Survivors of boarding schools for Indigenous people will have the chance to share their stories this week during the First Alaskans Institute’s virtual summit on the issue.
The goal of the summit is to provide survivors, their relatives, community members and others impacted by the boarding school system, said FAI President La quen náay Liz Medicine Crow.
“It’s a safe and very serious place for the truths to be shared by the people who have experienced the impacts and the ongoing impacts,” Medicine Crow said. “They will be listened to, they will be heard.”
Medicine Crow said the group was using the terms boarding or residential schools to broadly refer to the various institutions that took Indigenous children away from their families. The attempt to destroy Indigenous culture has had lasting generational impacts, Medicine Crow said, particularly in the loss of language and cultural practices.
According to the Alaska State Archives, the first boarding school in Alaska was founded by Presbyterian missionaries in Sitka in 1878. The federal Bureau of Indian Affairs was involved in the operation of boarding schools for over a century, according to the bureau. Many schools, including boarding schools in Southeast Alaska, operated well into the 20th century.
“Historic boarding schools for Alaska Natives were established by American newcomers (sometimes referred to as invaders or colonizers) to detribalize and assimilate Indigenous people into Euro-American culture,” according to the state.
The meetings were inspired by the discovery last year of hundreds of unmarked graves —mostly of Indigenous children — in Canada where similar programs were put in place. According to the Associated Press, the remains of 215 children were discovered at the former site of Canada’s largest boarding school in British Columbia in May 2021. A month later in June more than 600 unmarked graves were found at another former school site in British Columbia, AP reported.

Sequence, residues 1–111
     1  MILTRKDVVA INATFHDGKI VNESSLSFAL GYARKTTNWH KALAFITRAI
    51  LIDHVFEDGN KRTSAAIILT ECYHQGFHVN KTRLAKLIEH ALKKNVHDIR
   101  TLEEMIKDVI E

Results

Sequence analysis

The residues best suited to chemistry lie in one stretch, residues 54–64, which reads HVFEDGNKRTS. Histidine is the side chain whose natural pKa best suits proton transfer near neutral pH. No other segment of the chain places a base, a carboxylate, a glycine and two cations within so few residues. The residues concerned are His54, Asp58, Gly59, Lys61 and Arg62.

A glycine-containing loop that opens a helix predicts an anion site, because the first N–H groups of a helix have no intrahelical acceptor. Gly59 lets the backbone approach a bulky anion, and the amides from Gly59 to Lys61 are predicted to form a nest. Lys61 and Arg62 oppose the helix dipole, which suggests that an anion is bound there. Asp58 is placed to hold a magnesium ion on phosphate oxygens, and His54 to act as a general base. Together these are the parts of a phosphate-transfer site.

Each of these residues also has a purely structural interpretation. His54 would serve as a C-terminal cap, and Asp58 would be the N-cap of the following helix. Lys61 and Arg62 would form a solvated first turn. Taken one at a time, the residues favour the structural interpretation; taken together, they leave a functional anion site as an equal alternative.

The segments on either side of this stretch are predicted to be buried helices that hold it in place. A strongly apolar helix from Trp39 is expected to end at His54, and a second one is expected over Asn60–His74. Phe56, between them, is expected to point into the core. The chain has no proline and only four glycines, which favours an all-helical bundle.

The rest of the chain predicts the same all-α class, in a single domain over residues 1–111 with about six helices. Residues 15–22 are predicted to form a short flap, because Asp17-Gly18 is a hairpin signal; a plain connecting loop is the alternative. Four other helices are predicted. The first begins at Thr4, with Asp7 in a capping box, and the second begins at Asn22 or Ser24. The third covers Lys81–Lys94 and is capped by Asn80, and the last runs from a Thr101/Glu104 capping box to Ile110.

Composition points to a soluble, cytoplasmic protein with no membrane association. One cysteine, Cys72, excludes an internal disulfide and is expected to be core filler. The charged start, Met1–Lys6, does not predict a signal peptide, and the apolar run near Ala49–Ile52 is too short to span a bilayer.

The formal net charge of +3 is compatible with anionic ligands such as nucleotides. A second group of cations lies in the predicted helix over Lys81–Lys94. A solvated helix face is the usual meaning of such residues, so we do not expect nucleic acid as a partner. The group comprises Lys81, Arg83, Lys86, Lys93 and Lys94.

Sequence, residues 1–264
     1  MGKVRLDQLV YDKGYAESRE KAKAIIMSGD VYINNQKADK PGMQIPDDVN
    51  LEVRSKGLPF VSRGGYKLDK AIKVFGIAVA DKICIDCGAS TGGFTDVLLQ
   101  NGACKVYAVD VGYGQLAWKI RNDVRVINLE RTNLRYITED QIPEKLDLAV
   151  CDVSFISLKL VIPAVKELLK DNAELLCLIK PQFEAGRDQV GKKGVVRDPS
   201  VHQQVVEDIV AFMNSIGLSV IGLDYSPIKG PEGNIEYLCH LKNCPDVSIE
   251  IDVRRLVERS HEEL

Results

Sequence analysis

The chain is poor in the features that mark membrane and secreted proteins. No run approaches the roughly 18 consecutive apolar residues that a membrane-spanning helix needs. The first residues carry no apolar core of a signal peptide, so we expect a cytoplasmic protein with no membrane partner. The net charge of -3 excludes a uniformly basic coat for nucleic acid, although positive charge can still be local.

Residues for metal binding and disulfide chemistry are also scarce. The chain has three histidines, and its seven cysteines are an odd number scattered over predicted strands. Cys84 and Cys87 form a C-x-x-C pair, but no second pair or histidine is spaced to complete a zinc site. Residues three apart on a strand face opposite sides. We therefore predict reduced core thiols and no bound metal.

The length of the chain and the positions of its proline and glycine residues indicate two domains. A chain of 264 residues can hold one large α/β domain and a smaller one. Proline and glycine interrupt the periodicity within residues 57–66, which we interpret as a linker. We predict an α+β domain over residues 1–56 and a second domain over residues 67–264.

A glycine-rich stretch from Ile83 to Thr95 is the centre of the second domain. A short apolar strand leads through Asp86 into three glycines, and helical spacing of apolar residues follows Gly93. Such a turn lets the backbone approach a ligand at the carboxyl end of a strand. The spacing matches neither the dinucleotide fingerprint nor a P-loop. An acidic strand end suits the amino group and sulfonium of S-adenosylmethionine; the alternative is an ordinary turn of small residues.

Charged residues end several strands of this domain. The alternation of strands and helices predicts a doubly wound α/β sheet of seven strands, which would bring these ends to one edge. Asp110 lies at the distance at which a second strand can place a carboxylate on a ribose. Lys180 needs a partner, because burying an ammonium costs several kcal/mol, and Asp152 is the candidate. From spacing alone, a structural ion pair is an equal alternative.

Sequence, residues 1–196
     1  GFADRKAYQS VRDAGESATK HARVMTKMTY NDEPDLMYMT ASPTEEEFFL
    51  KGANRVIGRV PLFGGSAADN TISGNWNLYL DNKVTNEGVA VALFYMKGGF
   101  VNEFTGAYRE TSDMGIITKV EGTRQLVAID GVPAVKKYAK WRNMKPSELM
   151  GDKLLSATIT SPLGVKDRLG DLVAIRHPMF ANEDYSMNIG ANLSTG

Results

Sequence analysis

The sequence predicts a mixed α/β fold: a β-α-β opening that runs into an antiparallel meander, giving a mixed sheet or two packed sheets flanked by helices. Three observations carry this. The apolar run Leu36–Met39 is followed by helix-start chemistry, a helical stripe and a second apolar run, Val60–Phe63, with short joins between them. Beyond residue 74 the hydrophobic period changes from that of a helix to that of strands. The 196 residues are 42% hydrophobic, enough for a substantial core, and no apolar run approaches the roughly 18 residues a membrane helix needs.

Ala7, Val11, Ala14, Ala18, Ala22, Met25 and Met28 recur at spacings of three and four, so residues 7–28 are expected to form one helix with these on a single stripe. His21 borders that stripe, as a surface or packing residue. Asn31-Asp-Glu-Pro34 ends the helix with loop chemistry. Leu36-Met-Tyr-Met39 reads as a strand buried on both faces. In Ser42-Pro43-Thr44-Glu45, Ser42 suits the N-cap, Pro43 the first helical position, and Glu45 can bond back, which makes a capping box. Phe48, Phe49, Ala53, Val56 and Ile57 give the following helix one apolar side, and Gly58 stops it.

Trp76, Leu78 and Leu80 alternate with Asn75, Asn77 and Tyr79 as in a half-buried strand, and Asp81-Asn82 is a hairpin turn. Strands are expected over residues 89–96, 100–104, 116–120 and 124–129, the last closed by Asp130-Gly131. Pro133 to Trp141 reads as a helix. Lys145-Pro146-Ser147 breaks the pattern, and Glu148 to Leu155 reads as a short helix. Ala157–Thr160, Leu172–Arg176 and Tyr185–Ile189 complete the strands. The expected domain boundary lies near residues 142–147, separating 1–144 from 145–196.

“We’re seeing this unfolding on social media with no forum to talk about it,” Medicine Crow said.
The forum will not be open to the public, Medicine Crow said, as participants may share deeply personal and possibly traumatic details. The testimonies may eventually be made public, Medicine Crow said, but only after participants have reviewed and approved the video.
The purpose of the event was truth and healing, Medicine Crow said, referring to those who would be giving testimony as “truth providers.”
“We acknowledge that there are boarding school survivors still alive and with us,” Medicine Crow said. “There are the communities and the cultures and the language groups that were severely impacted.”
While not open to the general public, Medicine Crow said those interested in joining or providing assistance should email FAI at email@example.com. The summit begins Monday evening but the bulk of the event takes place Tuesday through Thursday starting at 9 a.m.
Even though the summit is virtual, medical professionals Indigenous healers will be present to help participants that may have a strong emotional reaction. Last week, FAI held an online session helping to prepare participants emotionally for the summit.
“Doing this virtually is a challenge but also not having a forum is a challenge,” Medicine Crow said. “Talking about these things is one of the things that has not really happened yet. We’re living in the shrapnel of pain and trauma of what colonization has done.”
• Contact reporter Peter Segall at firstname.lastname@example.org. Follow him on Twitter at @SegallJnuEmpire.